The Pay and Benefits Rollercoaster

The Pay and Benefits Rollercoaster

Federal employees took a ride on the pay and benefits rollercoaster this year, and it was quite a rickety ride.

The best example of this phenomenon was the performance of the Thrift Savings Plan, which managed to throw everyone for a loop in 1998.

In August, the TSP's C Fund dropped a whopping 14.5 percent, the biggest one-month fall since the creation of the TSP a decade ago.

The steep decline in the C Fund-which invests in common stocks-was due to the shaky performance of the stock market at the end of the month. In just one day, Aug. 31, the Dow Jones industrial average dropped 513 points.

The C Fund swiftly recovered from August's drop, gaining 6.3 percent in September.

Changes to the federal retirement and health benefits systems provided more twists and turns in 1998.

In October 1997, a last-minute addition to the Treasury-Postal appropriations bill provided for an open season to allow employees in the Civil Service Retirement System to switch to the Federal Employees Retirement System. After reviewing the bill, President Clinton used his line-item veto power (later ruled unconstitutional by the Supreme Court) to cancel the CSRS-FERS switch. Administration officials had estimated the proposal would cost agencies $854 million over five years. The National Treasury Employees Union filed suit against Clinton's action.

A federal judge later approved an agreement between NTEU and the Justice Department to rescind President Clinton's veto. The administration then asked Congress to cancel the open season in its fiscal 1999 budget proposal, but Senators and Representatives did not do so. Feds breathed a sigh of relief.

By the end of the year, it seemed like switching plans was proving to be less popular than initially thought. With five weeks remaining before the deadline to switch plans, less than 1 percent of the more than 1.1 million workers eligible to change had opted to do so.

"We've been a little underwhelmed," acknowledged William Flynn, associate OPM director for retirement and insurance, at a Nov. 17 conference of the International Personnel Management Association.

In September, OPM added another knot to federal employees' already queasy stomachs, when it announced that premiums under the Federal Employees Health Benefits Program will rise an average of 10.2 percent in 1999, the largest increase in nearly a decade.

Employees' costs will rise 7.4 percent in 1999, OPM said. Employees' agencies will cover the rest of the premium increases. The government covers 72 percent of the weighted average cost of health plans, under a new formula Congress approved last year for splitting insurance costs between employees and the government.

The average employee will pay $3.39 more every two weeks, while the government will pay $12.07 more.

Members of Congress immediately questioned the hike, while OPM said employees could reduce the effects of the increase by shifting to lower-cost plans.

However, employees will have fewer plans from which to choose, because 65 plans decided to stop covering federal employees in 1999. In 1998, 350 health plans offered insurance under FEHBP. In 1999, only 285 plans will participate in the program. OPM attributes the decline to shakeouts and consolidations in the health-care industry.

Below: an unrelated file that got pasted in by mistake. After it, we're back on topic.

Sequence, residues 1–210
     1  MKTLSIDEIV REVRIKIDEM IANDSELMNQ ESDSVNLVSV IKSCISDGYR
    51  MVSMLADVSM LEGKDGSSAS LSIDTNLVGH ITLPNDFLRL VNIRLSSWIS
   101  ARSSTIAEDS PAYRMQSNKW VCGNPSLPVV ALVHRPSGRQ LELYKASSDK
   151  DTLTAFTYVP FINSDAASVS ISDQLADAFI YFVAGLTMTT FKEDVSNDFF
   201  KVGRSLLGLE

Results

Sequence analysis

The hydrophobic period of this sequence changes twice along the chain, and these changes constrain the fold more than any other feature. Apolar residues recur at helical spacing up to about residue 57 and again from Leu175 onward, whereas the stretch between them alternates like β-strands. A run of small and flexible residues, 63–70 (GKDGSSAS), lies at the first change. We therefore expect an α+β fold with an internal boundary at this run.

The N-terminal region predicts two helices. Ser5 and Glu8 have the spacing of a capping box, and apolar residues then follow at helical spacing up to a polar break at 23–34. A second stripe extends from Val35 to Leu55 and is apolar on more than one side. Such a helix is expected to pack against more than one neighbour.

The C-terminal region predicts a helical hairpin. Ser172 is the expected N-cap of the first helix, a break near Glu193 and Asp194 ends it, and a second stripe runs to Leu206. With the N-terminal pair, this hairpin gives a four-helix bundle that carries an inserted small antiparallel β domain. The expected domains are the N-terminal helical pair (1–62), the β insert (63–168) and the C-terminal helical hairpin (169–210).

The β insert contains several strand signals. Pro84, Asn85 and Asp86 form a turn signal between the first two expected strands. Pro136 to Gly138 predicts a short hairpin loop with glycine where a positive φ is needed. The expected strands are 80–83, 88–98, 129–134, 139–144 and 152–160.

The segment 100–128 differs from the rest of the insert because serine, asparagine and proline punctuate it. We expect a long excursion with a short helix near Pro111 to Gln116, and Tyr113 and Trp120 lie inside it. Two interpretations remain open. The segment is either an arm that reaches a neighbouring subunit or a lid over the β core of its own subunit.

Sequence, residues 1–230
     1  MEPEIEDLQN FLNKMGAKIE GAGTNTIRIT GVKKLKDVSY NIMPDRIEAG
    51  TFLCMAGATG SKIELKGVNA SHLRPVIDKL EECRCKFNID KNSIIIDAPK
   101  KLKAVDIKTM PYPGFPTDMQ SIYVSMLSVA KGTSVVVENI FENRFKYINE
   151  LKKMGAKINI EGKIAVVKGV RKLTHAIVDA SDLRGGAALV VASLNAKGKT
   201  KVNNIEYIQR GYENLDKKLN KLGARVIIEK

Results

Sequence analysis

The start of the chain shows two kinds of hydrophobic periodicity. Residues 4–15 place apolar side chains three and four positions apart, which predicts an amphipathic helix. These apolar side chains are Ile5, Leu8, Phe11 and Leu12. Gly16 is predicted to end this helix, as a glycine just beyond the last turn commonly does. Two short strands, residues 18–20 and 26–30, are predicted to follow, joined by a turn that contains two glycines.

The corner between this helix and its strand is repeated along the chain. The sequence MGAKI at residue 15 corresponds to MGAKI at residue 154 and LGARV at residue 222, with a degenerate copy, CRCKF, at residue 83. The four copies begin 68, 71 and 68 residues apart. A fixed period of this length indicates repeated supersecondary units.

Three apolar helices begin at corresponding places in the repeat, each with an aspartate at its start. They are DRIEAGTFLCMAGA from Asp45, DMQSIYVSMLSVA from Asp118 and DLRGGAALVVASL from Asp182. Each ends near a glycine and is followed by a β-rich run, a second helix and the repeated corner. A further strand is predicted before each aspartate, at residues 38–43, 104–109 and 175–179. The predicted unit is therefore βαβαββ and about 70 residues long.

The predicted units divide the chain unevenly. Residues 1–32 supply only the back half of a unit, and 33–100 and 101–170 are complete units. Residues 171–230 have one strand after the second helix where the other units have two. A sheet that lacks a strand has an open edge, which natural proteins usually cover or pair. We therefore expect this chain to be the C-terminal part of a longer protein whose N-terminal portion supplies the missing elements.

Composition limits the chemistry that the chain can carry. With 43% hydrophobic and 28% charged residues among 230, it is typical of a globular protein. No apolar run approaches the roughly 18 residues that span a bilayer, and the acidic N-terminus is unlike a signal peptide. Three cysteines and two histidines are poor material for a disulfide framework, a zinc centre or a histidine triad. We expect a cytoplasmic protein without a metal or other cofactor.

President Clinton did bring some good news to federal workers and veterans alike. In a Veterans Day ceremony, Clinton announced he had signed the Veterans Programs Enhancement Act (H.R. 4110), which gives disabled veterans the same 1.3 percent cost-of-living increase given to Social Security and veteran pension beneficiaries.

Clinton also signed into law the Federal Employees Life Insurance Improvement Act, which has the potential to provide new life insurance opportunities for federal workers.

The bill, H.R. 2675, directs OPM to present to Congress legislation offering federal employees group universal life insurance, group variable life insurance and additional voluntary accidental and dismemberment insurance policies.

Federal retirees didn't fare as well. They will get a 1.3 percent cost-of-living increase in 1999, the lowest since 1986. The Clinton administration says the small increase is due to low inflation that has kept wages and prices down.

On the pay front, feds are sitting tight, waiting anxiously to climb the compensation hill.

President Clinton has approved a 3.6 percent pay raise for federal employees and military personnel in 1999. But Clinton has proposed a 4.4 percent raise in 2000.

Top-tier Senior Executive Service members will not get a raise in 1999, but they will be eligible for bigger bonuses, under a provision included in the Treasury-Postal spending bill. The cash award that accompanies Presidential Rank Awards will also rise in 1999.

Still, groups that represent civil servants before Congress have one priority in 1999: Better pay.

"We have three priorities: Pay, pay and pay," said Senior Executives Association President Carol Bonosaro, who represents the federal government's highest-ranked employees.

"Our goal for the 106th Congress is the same as for 105th, and that is to focus the Congress on the tremendous federal employee pay gap and have Congress come to grips with the fact that in order to attract and retain a qualified and dedicated workforce, it has to pay for it," National Treasury Employees Union President Robert Tobias said.

Buckle your seatbelts.